A few days ago, I wrote about the miniseries Tripping Over and it’s fleshed-out female character. I spoke about Tamsin, and I’ll speak now about Tamsin’s friend Lizzie, who was supposed to be taking the trip of a lifetime with her longtime boyfriend Callum. She’s got her hopes set on marriage and children, except it turns out he’s gay. She returns back home to lick her wounds, not helped by a meddling stepsister, who goes on at every opportunity about how “˜blessed’ she is to have a loving husband and children, and hey, Lizzie’s twenty-six, that’s close to thirty and that’s when men stop being interested in marrying and having children with you, don’t you know? Condescending claptrap from someone who enjoys gloating about their perfect, traditional life – we’ve all met them.
At this point, I loved that they made a distinction between Lizzie being expected to marry and have kids and Lizzie wanting that. She’s got no real interest in being in a relationship, but she wants to get her stepsister off her back, so she enlists in the aid of her mate Dan, who happens to be a popular soap star, to pretend to be her boyfriend. They, and the audience, has a good laugh at the idiocy of the pressure being heaped on Lizzie to have a husband and children – why the hell should she, or any woman, enter marriage and create a family if that’s not what she’s interested in? Tripping Over illustrates well the pointless pressure that’s applied to people, women in particular, to have a man and beautiful children.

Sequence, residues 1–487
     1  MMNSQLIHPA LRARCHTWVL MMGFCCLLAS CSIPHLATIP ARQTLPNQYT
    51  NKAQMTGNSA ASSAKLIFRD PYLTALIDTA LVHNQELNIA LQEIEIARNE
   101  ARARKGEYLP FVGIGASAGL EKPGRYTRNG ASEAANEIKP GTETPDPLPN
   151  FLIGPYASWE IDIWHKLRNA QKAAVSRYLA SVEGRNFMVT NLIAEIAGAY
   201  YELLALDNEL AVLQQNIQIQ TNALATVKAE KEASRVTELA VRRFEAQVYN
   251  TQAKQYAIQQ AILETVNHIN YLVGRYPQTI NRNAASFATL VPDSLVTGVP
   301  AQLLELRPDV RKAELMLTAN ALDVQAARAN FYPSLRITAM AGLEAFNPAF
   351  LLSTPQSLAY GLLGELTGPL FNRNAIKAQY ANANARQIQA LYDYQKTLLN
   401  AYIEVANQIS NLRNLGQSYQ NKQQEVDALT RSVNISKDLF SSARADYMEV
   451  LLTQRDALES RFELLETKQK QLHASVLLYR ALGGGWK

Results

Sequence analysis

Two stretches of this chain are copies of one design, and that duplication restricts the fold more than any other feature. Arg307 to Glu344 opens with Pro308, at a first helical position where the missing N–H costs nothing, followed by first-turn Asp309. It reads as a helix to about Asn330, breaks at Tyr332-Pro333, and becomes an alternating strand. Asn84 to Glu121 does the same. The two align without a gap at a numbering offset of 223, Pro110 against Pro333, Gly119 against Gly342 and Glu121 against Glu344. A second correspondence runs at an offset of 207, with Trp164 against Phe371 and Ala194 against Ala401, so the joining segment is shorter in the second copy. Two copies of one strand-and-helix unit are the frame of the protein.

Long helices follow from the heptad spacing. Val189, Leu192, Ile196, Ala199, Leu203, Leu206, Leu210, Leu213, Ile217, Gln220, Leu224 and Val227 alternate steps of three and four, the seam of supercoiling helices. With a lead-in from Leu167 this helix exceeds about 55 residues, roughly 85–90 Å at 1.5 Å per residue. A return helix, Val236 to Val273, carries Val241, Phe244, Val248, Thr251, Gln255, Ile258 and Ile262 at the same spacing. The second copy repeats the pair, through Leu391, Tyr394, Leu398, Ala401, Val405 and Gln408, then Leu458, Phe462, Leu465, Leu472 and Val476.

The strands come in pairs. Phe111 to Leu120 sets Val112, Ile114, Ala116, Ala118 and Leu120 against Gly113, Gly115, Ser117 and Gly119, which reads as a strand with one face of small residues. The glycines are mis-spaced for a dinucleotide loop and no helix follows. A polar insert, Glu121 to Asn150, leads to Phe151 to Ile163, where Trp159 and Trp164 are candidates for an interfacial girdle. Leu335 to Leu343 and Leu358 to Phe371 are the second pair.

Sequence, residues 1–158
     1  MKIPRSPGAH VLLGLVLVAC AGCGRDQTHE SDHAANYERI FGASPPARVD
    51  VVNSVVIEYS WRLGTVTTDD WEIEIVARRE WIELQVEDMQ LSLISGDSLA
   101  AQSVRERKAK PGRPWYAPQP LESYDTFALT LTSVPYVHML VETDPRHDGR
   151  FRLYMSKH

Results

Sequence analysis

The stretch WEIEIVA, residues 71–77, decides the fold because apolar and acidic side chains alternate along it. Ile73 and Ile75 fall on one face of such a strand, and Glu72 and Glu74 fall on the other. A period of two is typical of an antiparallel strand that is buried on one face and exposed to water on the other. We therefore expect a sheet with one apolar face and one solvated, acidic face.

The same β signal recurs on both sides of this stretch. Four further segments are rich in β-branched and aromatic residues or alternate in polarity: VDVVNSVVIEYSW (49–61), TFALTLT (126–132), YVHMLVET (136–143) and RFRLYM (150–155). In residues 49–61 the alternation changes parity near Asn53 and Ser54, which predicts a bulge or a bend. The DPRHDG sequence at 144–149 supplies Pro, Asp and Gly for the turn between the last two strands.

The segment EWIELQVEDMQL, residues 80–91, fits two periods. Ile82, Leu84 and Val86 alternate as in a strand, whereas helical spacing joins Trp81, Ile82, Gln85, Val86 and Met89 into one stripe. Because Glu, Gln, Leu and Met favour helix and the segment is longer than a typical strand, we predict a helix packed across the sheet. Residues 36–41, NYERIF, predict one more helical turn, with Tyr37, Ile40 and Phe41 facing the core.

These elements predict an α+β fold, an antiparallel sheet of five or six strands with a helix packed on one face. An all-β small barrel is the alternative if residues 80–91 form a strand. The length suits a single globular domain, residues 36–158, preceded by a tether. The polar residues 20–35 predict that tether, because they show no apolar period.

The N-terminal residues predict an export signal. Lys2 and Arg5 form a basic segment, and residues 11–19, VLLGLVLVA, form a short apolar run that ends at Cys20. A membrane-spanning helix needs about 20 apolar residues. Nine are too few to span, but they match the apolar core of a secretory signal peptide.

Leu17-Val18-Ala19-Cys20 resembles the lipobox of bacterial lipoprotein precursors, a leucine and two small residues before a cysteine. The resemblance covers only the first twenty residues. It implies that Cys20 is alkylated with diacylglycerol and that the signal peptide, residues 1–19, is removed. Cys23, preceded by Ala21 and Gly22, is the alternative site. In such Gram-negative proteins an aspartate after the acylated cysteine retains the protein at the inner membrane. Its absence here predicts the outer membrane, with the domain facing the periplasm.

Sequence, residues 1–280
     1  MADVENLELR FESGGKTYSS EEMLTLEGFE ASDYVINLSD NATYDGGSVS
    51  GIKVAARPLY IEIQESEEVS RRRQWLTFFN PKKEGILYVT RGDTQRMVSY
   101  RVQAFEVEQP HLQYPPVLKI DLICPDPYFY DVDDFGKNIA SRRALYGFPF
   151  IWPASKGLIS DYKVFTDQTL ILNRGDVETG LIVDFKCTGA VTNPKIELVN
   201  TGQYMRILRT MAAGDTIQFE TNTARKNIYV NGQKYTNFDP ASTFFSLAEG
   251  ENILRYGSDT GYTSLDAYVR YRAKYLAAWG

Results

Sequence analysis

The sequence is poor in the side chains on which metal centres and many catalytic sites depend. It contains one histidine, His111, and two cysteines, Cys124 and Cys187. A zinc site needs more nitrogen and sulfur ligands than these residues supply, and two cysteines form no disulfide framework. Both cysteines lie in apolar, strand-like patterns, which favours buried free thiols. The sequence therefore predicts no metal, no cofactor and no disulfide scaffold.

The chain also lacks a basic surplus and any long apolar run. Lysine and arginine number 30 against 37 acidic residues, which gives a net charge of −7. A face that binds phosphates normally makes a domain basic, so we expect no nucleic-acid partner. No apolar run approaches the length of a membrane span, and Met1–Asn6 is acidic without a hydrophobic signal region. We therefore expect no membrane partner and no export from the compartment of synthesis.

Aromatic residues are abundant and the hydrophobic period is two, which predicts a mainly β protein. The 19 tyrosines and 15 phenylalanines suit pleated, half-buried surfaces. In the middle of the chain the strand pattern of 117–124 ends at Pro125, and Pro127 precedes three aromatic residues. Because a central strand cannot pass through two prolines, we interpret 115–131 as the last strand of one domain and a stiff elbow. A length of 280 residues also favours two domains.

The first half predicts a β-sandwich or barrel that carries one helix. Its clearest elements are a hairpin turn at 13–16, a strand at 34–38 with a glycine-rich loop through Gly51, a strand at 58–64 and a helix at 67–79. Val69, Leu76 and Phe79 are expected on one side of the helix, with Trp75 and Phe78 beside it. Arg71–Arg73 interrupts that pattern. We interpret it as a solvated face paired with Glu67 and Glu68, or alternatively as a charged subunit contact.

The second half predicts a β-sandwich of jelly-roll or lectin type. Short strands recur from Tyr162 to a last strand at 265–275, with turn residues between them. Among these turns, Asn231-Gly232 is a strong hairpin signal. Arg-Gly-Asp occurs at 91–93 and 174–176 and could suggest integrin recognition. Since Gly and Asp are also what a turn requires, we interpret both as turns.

On another note, Lizzie’s stepsister is impressed beyond words when it turns out Lizzie is “˜dating’ a hunky soap star. Tripping Over well illustrates the preoccupation many have with judging a woman by the kind of man she can attract. Lizzie-who-couldn’t-keep-a-man-straight is a woman to be held in contempt for her utter lack of feminine sexuality; Lizzie-who’s-snagged-a-hunky-soap star is a woman to be envied for her truckloads of feminine sexuality in getting said soap star to choose her. Of course, both these claims are absolute rubbish, something TO demonstrates, and this is what I really liked about the show. The relationships are flawed, sometimes destructive, sometimes dishonest. And they have to take responsibility for their actions – and their relationships – if they want to move on in life.
Just like real life!